Give Credit Where It is Due
December 25th, 2016 by David LaBelle

By having a vision and waiting for a modern automobile to pass and contrast those autos pictured, I added my signature to one of the beautiful floodwall murals designed and painted by Robert Dafford and the Dafford Muralists of Lafayette, Louisiana, on the Ohio River near Paducah, Kentucky. The project began in 1996; the last panel was completed in 2007.
Photo by David LaBelle

When putting your signature on another artist’s work, be respectful and add value

I remember walking into a café in Arizona and being met by a large photographic print of the Grand Canyon. What struck me first was not the majesty of the beautiful cavity, but the size of the photographer’s name printed in giant, bold type beneath the image.

How arrogant, I thought. The photographer had done so little—basically made a record, a copy of another’s artwork—then had the nerve to shout his name on the print as though he had done something great, too.

His bold name sought equal billing with the One, the artist who fashioned the canyon.

If you created something beautiful or even unique and I put my name on it, wouldn’t you feel robbed?

OK, so I am being a bit dramatic here, but it is to make a point: Taking a few snapshots with a digital or film camera of another’s creation, another’s artwork, does not make me an artist. It makes me a copy machine.

I am not diminishing the eye of the artist—whether with brush or camera—but unless I add new composition, light, vision, perspective, interpretation or point of view, I am little more than a copy machine.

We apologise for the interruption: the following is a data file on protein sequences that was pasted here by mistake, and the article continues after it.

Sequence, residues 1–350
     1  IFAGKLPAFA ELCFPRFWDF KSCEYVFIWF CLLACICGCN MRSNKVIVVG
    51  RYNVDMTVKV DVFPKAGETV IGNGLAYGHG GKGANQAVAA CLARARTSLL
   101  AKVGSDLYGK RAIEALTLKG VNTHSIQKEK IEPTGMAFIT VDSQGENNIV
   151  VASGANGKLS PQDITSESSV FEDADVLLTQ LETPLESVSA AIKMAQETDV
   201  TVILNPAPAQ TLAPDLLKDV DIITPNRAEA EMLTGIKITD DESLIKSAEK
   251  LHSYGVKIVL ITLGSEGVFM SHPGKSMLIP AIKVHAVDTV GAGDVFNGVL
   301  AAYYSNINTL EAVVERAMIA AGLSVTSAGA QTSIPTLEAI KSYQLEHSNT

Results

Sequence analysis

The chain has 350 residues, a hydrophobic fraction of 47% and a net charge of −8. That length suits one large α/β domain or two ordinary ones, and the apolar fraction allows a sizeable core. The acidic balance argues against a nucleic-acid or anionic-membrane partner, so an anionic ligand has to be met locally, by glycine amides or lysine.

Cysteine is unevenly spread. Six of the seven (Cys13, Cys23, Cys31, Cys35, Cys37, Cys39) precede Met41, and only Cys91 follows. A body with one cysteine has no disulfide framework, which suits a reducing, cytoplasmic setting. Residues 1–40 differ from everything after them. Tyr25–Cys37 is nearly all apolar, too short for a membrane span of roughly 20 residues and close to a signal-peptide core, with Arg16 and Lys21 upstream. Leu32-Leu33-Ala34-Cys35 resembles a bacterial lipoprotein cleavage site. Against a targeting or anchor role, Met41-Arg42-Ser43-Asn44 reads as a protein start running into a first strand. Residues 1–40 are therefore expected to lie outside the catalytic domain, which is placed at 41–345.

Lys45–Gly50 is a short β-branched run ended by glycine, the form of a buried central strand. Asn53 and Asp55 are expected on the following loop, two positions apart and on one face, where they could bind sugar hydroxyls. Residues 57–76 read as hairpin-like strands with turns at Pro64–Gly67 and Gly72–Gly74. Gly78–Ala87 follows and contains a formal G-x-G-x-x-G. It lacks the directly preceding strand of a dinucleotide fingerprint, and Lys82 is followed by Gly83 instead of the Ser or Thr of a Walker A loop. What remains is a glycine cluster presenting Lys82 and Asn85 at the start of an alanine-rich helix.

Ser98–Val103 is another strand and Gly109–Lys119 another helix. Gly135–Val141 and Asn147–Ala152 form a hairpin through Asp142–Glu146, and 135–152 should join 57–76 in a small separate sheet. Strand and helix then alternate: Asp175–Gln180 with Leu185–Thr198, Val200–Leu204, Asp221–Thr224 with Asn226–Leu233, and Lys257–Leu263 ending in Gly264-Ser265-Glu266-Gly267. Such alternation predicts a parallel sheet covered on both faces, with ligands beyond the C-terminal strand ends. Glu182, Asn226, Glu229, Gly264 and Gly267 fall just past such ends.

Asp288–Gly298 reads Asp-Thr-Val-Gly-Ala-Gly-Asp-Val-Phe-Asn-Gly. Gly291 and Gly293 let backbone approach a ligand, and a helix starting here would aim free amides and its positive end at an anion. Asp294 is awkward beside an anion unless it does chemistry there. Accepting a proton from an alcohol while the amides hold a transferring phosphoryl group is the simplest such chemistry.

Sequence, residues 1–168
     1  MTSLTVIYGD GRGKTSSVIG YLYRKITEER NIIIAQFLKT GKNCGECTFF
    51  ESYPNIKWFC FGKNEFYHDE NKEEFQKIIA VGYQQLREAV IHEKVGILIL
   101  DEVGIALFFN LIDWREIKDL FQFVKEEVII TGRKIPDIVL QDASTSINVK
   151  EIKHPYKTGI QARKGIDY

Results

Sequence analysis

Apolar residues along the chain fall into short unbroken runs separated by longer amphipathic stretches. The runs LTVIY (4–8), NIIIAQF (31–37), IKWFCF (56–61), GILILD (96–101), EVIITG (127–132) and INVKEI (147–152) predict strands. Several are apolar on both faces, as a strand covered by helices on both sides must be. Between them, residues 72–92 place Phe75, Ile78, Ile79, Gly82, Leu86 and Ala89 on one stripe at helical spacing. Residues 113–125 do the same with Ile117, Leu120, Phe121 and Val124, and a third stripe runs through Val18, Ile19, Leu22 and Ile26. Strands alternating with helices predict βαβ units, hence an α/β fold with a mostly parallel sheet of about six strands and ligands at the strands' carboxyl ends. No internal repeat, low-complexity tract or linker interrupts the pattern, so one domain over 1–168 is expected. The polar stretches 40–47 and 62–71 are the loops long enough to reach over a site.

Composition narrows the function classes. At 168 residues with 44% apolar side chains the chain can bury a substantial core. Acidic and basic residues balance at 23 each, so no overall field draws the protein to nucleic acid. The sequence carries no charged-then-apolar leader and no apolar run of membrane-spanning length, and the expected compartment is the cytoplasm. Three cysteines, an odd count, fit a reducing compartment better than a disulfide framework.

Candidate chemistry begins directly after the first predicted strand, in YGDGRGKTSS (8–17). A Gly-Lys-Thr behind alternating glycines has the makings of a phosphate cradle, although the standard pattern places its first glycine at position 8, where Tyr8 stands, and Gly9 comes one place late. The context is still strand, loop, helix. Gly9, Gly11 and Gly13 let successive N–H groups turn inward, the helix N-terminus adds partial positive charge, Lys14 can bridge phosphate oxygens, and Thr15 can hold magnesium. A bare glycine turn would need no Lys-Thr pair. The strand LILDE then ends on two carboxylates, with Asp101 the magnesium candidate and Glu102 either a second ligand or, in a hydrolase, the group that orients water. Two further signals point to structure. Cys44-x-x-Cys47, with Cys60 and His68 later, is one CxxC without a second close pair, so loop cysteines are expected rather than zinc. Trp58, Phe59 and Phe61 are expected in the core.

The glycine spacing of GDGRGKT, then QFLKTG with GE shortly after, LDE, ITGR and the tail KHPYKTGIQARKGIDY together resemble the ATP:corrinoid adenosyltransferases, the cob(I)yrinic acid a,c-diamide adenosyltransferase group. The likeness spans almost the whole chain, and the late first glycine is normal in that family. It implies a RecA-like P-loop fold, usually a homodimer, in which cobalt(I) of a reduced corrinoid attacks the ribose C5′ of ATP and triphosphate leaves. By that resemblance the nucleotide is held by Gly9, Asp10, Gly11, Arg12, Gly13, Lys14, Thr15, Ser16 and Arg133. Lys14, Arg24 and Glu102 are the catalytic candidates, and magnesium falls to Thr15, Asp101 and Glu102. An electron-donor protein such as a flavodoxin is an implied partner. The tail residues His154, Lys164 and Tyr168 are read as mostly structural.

If I put my name on another’s artwork, isn’t this a form of visual plagiarism?

Reproducing another’s artwork is a way of honoring the artist. But when we make a picture of another’s artwork—painting, mural, sculpture, statue, building, bridge, etc.—then strut around like we have done something great, we ought to consider who gets the greater credit.

By incorporating human forms or dramatic light, interesting foreground or background, you create new composition and reverently put your signature on another’s artwork, be it landscape, mural, architecture or bronze or marble sculpture.

God gives us everything—the light, the color, the eyes to see and compose and interpret, even the heart to appreciate. He allows us, even encourages us, to add our point of view.

With any creation, any art, shouldn’t we tread quietly, reverently, giving honor and glory to the true artist?

Challenge yourself to put your signature on another’s artwork, like comments in a gallery book. See the creation in a different, maybe dramatic, light. Compose a portion of the artwork using shadows and life forms reacting or participating in the artwork.

As with any gift, we ought to give thanks to the creator.

David LaBelle is an internationally known photographer, teacher, author and lecturer. He has worked for newspapers and magazines across the United States and taught at three universities. He applies many of the lessons he learned during his magical boyhood years in rural California to photography. For more information, visit